Tuesday 6 September 2011

Nice priest holes – shame about the heat loss

I live in a dormer bungalow built in 1968. Many houses of this style were built in the 1970s and they can be seen all over Norfolk. The design owes nothing to architectural quality or to energy efficiency but everything to low construction costs. It is much cheaper to build roofs than walls. The consequence of having all that roof space is lots of upstairs cupboards but also several large inaccessible spaces that we call ‘The Priest Holes’ , where wind and mice are free to circulate. Energy was cheap when these houses were built so no effort was made to insulate the Priest Holes but they should be treated the same way as the loft but with the extra job of insulating the vertical wall.

Access to the Priest Holes can be gained through the backs of the cupboards that are built into the roof space – in most cases the cupboard walls are just hardboard tacked onto a wooden frame – but take care that no wires or pipes have been attached from the other side ! If you are not too large, you can then crawl into the space and put some insulation between the joists and up against the vertical walls.

The picture shows that I have put down boards as I also had to sort out some wiring problems in there. Two warnings – wear dust masks and protective clothing and make sure that you don’t trap the cat in the ceiling space. It is best to keep the cat well out of the way!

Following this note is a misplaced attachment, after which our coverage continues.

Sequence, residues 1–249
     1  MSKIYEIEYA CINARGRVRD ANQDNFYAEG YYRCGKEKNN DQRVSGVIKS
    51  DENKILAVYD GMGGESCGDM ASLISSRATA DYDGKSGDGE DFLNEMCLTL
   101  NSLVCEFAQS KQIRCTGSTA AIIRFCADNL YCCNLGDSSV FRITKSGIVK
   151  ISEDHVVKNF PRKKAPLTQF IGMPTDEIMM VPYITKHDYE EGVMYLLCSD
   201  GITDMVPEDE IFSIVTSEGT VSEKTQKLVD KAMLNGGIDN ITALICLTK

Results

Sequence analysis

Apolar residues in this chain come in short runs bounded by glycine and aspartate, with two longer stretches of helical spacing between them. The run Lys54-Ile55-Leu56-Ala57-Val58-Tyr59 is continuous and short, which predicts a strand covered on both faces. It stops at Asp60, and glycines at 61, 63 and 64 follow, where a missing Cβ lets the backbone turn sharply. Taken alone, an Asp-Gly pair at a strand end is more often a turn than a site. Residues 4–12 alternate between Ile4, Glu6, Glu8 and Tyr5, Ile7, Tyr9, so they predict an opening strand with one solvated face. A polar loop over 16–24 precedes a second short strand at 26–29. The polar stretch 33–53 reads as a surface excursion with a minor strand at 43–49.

You don’t need to insulate above the ceiling where it is below the upper room as heat will pass through into the bedroom – just like in a normal house – also don’t completely fill the gap between the ceiling and the floor boards as it is important to let air circulate. Ventilation is not normally a problem in these houses as the wind can pass from one side of the house to the other through all the linked roof spaces – on windy days the cupboard doors rattle in a ghostly way.

Insulating the priest holes is a lot of work but well worth doing to reduce heating bills and to keep the bedrooms cooler on hot days. I have also increased the insulation in the main loft and in the flat dormer roof. The picture shows the additional metal flue for the small wood burner in my office, the brick chimney serves a larger wood burner in the lounge that we light at weekends. Either one of these stoves keeps the whole house warm on really cold days. We are fortunate that the house faces south and the large porch window collects a lot of solar energy.

If you do venture into your Priest Holes, please don’t get stuck and do make sure that someone knows where you (and the cat) are!

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